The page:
One of the core principles of Lasallian ethics is “respect for all persons.” The Knights might argue they are supporting the unborn fetus through their efforts, but in my opinion, they must also respect the woman, including her decision to terminate her pregnancy if she decides she is not ready to be a parent. Trying to commandeer such a life-changing decision because it does not bode well with one’s religious beliefs shows blatant disrespect toward the woman and her right to choose. Furthermore, it is not a Knight’s place to do so, as someone who will never have to make such a decision himself due to his inability to conceive.
This ethic of “respect for all persons” extends beyond doctrine and into social justice implications. The American Medical Association also notes that CPCs will primarily target low-income women and women of color. Therefore, not only are CPCs anti-woman and anti-choice, they are also engaging in classist and racist power structures by specifically targeting such communities.
Furthermore, the language used to describe women in the aforementioned pamphlet is blatantly disrespectful. In the Life Program simply titled “Ultrasound,” the description refers to women seeking an abortion as “abortion-minded women,” as if abortion is their only defining characteristic. The Knights do not care how the women ended up in the situation, nor do they care where they are going from there. They only care that the women in question want abortions. And once a woman makes the decision to carry the pregnancy to term, the Knights likely would not care what happens to either her or the child afterward.
Reproductive rights for women in America are already consistently threatened by the government. This strain should not be coming from faith as well. In fact, I might argue that a woman who has had an abortion might need her faith more than ever in the immediate aftermath. Instead, women are often turned away or even excommunicated from the Church. Leaders of the Church have recognized this, and in 2016, Pope Francis himself actually gave priests the permanent ability to forgive the “sin” of abortion if a woman confessed to having one during the sacrament of Reconciliation.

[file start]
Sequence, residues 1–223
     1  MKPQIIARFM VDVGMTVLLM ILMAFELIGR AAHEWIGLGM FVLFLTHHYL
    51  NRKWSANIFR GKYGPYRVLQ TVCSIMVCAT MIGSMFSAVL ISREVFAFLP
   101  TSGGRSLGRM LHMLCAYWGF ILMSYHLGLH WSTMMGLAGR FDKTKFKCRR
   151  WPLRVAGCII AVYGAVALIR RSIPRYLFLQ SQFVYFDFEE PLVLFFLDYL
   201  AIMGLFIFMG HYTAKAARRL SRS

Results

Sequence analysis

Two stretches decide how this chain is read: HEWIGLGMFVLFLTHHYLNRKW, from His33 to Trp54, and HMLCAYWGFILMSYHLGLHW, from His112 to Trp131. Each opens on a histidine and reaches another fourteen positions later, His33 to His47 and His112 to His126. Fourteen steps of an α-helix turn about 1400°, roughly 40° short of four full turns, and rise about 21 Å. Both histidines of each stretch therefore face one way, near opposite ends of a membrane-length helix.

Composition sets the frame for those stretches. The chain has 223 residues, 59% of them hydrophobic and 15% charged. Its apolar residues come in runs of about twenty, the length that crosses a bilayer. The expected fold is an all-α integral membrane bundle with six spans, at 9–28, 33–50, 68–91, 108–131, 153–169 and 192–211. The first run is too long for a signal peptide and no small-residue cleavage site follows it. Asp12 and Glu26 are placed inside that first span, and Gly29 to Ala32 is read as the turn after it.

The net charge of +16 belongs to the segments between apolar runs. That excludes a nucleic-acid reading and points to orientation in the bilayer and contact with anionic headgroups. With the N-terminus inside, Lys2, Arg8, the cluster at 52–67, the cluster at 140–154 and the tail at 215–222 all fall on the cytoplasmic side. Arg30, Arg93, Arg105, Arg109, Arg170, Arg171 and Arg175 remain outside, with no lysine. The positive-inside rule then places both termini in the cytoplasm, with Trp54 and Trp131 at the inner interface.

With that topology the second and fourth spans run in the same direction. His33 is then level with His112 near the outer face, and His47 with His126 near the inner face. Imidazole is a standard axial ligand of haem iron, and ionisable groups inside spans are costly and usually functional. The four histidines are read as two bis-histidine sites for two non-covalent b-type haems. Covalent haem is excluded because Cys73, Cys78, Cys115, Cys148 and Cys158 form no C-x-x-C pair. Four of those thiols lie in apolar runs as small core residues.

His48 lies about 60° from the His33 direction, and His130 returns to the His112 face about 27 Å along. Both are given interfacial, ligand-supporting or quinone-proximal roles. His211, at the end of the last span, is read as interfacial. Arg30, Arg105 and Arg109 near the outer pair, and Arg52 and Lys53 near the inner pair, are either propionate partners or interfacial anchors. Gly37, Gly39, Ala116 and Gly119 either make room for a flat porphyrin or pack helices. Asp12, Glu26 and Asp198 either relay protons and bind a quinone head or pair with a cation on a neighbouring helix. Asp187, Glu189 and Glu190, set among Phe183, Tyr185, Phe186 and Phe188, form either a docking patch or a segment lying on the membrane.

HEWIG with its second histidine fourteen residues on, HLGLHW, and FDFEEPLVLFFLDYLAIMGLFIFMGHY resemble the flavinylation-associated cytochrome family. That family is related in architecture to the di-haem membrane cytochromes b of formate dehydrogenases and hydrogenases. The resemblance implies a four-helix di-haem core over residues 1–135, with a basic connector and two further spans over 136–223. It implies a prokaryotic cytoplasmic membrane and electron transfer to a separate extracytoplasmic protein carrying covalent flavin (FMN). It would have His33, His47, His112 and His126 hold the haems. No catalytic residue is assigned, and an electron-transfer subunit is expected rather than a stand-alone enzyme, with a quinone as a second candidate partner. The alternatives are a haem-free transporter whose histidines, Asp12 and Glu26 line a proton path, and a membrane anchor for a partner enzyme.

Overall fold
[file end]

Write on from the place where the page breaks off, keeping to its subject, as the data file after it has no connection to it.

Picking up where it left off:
While I personally do not believe a woman needs to be “forgiven” for having an abortion, I still recognize that what Pope Francis did was groundbreaking in terms of Catholic doctrine. But the way that the Church reacted made me feel as if the world was coming to an end. It turns out the Church did not actually want to forgive women who had abortions, and they wanted to continue removing them from the faith as punishment. Deliberately excluding women from participating in their faith also falls under direct violation of the Lasallian principle of “inclusive community.”
As a Lasallian and a Catholic who considers herself to be in good standing with the Church, I cannot condone the proposed actions of the reestablished Knights of Columbus chapter on campus if affiliation with a CPC is even a remote possibility. And perhaps after learning about the true implications of their activities, maybe you will think twice about supporting them as well.
For more information on the mission of CPCs, I encourage you to read “Why Crisis Pregnancy Centers are Legal but Unethical,” which was published by the American Medical Association’s Journal of Ethics and was my primary source of information in writing this editorial. Unlike the people that work at CPCs, the authors of this article are actual medical professionals (they are obstetrician-gynecologists) and provide medically accurate information, as well as information regarding the true aims of CPCs.
Editor’s Note: The opinions expressed in The Quadrangle are those of the individual writers and do not not necessarily reflect the views of the Editorial Board, the College or the student body.
Rose Brennan is a junior English and Communication major, and is The Quadrangle’s Arts & Entertainment Editor/Managing Editor. She is a Catholic and a feminist, and she does not believe the two are mutually exclusive.